Says the cat who can't produce the courage to even speak of the physical evidence against his ideology -- the one who proudly admits that he closes himself off to any such observations.
You know? Reality.
Reality includes the fact that semantic closure enables RM+NS. It's physical reality. Upright BiPed
Andrew, "Devotion"? Yes! Absolutely! The alternative is quackery, denial, blindness, religion, fantasy, imagination, and ID. Much as I like to cushion my existance from reality, reality is real, and being aware of reality aids my survival and chances of passing on my DNA. You know? Reality. Reality also involves, family, relationships, friends, commitments, children,art, music, beer, and happiness. These also aid me in passing on my genetic material. You!? rvb8
my attachement to professional journalists, and real scientists
Devotion, perhaps? Andrew asauber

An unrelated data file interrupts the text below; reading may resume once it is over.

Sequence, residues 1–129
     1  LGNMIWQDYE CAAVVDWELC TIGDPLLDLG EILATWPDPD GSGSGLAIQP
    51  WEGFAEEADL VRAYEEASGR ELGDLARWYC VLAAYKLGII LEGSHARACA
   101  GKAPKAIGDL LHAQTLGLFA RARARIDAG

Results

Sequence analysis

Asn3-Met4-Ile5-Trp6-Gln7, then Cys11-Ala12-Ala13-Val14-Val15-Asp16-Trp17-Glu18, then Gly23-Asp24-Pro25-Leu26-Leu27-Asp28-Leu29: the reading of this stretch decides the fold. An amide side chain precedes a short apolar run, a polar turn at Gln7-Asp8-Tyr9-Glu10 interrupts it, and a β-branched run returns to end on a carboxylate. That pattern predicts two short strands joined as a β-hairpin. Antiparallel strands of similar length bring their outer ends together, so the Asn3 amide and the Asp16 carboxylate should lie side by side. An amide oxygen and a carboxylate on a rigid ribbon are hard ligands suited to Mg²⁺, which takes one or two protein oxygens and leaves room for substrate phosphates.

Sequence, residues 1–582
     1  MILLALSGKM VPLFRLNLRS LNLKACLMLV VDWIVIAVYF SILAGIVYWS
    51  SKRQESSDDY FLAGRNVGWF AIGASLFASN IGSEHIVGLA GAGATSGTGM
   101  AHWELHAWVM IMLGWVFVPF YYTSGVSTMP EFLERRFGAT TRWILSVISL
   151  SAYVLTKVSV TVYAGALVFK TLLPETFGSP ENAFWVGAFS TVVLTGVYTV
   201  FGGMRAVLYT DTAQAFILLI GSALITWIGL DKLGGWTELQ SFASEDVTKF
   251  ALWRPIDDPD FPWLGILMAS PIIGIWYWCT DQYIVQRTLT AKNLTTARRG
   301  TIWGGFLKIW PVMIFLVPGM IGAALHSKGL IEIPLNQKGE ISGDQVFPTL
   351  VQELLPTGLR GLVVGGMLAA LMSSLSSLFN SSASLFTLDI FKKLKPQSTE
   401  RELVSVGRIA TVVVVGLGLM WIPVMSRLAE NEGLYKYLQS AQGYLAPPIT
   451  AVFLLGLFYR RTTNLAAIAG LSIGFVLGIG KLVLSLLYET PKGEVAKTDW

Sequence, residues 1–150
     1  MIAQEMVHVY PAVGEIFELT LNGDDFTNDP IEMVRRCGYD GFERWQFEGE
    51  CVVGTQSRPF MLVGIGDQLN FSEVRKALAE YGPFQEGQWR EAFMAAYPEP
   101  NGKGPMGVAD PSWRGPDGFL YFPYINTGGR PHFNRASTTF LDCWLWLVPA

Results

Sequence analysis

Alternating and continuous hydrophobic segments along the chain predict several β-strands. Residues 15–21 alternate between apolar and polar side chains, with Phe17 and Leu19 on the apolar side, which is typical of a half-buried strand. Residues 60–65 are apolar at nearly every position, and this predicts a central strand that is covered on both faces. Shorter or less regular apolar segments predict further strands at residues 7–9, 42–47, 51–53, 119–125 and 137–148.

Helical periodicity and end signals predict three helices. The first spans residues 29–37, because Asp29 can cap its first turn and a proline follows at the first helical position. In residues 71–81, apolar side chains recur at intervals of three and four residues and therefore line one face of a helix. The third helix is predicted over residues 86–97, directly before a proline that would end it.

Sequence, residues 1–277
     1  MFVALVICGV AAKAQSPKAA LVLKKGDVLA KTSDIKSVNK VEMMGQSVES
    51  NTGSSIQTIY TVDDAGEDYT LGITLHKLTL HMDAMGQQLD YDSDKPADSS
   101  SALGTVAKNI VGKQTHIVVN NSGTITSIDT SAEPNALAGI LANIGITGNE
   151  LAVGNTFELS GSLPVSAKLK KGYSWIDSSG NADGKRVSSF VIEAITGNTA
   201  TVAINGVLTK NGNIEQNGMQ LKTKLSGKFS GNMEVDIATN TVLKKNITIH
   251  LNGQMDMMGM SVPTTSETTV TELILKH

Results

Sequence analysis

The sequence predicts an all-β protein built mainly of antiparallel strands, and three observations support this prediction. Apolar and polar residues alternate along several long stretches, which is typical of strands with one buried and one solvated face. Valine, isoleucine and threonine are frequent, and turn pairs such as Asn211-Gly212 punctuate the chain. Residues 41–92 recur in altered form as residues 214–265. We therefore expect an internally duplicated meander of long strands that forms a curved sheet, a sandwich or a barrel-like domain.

Denyse, "find out that treatment drugs failed replication - but worse, replication is not usually risked." Your next few sentences are equally bizzar, but let's just concentrate on this example of weird style. Do you mean that, the treatment drugs failed to stop the 'replication' of cancer cells, and therefore didn't work? I just can't tell from your sentence structure. I do have a question however. What is your answer for your friends awful predicament? Homeopathey? Acupuncture? Shen Balancing? Saying beware of science is fine. Rubbishing it, and offering absolutely nothing at all to fill the gargantuan space, is irresponsable journalism in the extreme. Hence my attachement to professional journalists, and real scientists. rvb8